November 17, 2010
Five Quick Thoughts On The Cancellation Of Marvel’s Thor: The Mighty Avenger
1. Nearly everyone that read it seemed to like Thor: The Mighty Avenger
. Apparently, not a lot of people read it
2. All of the creators involved distinguished themselves on the title, and should continue to find work in part because how well the Thor book turned out. I think it speaks well to comics that facile sales analysis isn't the sole, deciding factor in who gets a job and who doesn't. You and I and they may all disagree on the particulars, but it's clear that making really good comics still matters to this generation of comic book executives and editors in a way that might have been unfathomable -- or certainly more widely open to interpretation -- a couple of generations ago.
3. One thing I hope doesn't
happen with the series' cancellation is it becoming fuel for one of comics' cliché engines, such as "This shows the Internet crowd is completely out of touch with the actual buying audience!" or "All-ages comic books will never sell!" or "Comic shops just don't get it!" or "No one knows how to market comic books!" (Marketing being defined as any and all publicity efforts on behalf of a work that sells well.)
Hey, don't get me wrong. Each of those things could
be true. It's just that none of them are true simply because someone capitalizes the first letter of every word in a sentence or accompanies the presentation of their theory with clever put-downs and/or multiple exclamation points. There's a limit to what we can know about why something catches on or doesn't, and very often it's multiple factors that drive an industry circumstance. It's worth keeping both of those things in mind when we think about what happened here.
4. I do hope people think about it. Although I respect where people are coming from when they criticize the chicken-little aspect of obsessing over mainstream comics news stories, I think asking questions serves the overall good.
I have three questions here. The first is that I wonder if low-selling mainstream comic book titles represent a trend that's just now snowballing into a major concern across the board: the Stretch Armstronging of mainstream comics sales. A scant 16 years ago, the thought that any mainstream comic book -- even one with Thor on the cover -- would sell under a certain point of profitability was unheard-of. It took a series of bankruptcies and business closures and strategic shenanigans of legendary quality for mainstream comics lingering on the other end of the sales charts to become a rare
possibility. Today things have progressed to the point that a series failure has become a legitimate one with nearly every single comic book out there, no matter the face on the cover or the hands that guide its creation. How does that change what gets green-lit and what doesn't? Is canceling low-selling titles preferable to publishing titles at a loss because of limits in shelf space? Can the Direct Market be made more responsive to the desires of a mainstream comic book company regarding specific titles, or is that a thing of the past? Would we even want that?
The second question I have is I wonder if there's anything a company like Marvel feels like it can do on behalf of certain comic books that fall under a certain sales point. The thrust of how this decision was mourned even by Marvel folks makes me think they can't do much for certain titles. I know I can't think of any applicable strategies with a relative or logical chance for success, which makes me further suspect there aren't any out there that can be employed. That's not a statement with an accusatory element to it, I swear: it's just that I'm interested in the ramifications if we have a Direct Market that's more ruthless and bottom-line than maybe past markets were.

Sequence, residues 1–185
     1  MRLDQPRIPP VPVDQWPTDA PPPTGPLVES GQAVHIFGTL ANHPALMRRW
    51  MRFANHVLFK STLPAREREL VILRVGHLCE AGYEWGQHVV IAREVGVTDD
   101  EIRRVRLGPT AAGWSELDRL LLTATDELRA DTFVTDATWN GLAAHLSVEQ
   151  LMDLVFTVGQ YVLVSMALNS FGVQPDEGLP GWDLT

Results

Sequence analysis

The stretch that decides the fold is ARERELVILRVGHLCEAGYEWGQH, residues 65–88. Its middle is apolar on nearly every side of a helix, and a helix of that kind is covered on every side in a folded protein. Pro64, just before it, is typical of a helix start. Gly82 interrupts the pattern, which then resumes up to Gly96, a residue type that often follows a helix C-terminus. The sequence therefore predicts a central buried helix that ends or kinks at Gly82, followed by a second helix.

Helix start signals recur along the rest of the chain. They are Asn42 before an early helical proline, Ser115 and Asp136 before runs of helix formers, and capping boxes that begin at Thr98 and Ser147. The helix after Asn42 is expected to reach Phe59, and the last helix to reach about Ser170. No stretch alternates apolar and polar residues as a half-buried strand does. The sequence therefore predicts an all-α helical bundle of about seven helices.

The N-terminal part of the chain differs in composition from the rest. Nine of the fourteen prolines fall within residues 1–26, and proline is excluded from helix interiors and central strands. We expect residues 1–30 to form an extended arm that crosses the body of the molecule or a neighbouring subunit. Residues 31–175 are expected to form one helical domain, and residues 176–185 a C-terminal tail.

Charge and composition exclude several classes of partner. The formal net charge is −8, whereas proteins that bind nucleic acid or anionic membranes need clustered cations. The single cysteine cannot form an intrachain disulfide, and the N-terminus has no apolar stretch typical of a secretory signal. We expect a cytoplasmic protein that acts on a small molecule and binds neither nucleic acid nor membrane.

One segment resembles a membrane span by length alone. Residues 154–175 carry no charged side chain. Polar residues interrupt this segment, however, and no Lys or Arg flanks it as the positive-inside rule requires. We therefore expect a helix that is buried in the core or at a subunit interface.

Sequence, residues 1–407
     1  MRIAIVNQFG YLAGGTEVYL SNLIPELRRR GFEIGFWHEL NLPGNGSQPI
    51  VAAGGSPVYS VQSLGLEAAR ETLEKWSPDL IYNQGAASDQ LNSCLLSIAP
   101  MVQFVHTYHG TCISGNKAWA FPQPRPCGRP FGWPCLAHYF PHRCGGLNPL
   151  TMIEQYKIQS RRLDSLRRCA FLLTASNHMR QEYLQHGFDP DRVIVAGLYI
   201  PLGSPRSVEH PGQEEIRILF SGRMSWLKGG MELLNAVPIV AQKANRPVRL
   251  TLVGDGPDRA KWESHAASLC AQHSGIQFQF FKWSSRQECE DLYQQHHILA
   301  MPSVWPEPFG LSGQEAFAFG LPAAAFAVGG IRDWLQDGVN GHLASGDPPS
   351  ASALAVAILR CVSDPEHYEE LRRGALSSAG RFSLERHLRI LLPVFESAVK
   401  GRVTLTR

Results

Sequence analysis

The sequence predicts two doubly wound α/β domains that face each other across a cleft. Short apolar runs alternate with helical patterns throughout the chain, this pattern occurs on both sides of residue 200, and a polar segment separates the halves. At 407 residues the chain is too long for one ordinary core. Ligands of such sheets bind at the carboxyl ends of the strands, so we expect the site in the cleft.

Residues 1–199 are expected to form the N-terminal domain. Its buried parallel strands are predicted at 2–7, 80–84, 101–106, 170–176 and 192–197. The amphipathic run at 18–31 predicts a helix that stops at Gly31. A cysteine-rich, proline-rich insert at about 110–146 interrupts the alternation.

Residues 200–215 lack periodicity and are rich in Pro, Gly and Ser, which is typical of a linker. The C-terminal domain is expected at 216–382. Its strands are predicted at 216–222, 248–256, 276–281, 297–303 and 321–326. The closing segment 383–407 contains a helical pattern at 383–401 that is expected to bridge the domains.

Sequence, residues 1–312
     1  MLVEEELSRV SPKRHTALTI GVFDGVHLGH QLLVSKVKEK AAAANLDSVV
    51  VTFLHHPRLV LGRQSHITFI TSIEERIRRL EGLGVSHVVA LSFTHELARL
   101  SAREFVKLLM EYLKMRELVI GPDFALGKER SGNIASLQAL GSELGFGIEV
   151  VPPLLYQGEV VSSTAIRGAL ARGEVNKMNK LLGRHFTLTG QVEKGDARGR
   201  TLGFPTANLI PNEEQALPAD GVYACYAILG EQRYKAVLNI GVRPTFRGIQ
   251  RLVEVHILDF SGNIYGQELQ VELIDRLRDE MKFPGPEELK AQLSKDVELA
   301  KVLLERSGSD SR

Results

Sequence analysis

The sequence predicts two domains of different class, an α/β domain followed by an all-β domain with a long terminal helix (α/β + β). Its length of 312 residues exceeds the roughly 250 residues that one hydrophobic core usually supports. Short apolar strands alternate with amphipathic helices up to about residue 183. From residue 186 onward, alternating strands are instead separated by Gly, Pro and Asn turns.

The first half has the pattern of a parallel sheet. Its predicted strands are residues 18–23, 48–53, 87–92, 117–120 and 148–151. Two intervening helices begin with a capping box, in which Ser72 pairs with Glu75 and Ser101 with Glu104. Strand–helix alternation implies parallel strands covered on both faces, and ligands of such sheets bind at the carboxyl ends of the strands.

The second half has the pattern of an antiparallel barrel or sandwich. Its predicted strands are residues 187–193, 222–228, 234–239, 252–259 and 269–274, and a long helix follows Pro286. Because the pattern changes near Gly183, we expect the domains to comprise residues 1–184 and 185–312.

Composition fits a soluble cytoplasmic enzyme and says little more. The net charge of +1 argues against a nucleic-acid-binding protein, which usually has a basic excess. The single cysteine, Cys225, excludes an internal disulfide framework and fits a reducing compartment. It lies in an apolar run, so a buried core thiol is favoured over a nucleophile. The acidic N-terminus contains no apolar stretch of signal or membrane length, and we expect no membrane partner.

The third question I have is I wonder if it was ever a consideration to take this series on-line? I know that's a pretty handy fan's reaction to anything that gets canceled, and you're more than likely to see people ask this question of this specific comic if there hasn't been a rush of folks doing so already. In the case of Thor: The Mighty Avenger
, there are specific factors that would seem to uniquely support such a move. There's a movie coming out next year. Thor's not a character with which a lot of people are familiar. The comic in question recalls but does not emulate/endorse the movie version, so if the project fails it's not a reflection on the film. You have eight issues in the can that apparently very few people have seen. It's a good-looking, charming comic book. The comic shops can't argue you're taking customers away as they've already rejected the book. So why not put Thor: The Mighty Avengers
on-line in a Freakangels
type set-up (five-page increments, say, and an e-mail blast to Marvel's humongous mailing list whenever a new episode goes up) right smack on the Marvel home page for as many people to read as possible, from the first issue through the originally planned twelfth, and see if there's a positive outcome? I don't say this an accusatory way; I'm sure there are reasons why this is a terrible idea. I'd just love to hear someone run through the whys and why-nots.
5. Lest we forget, most comics fail. Be thankful for the ones you like while you have them.
posted 10:00 am PST
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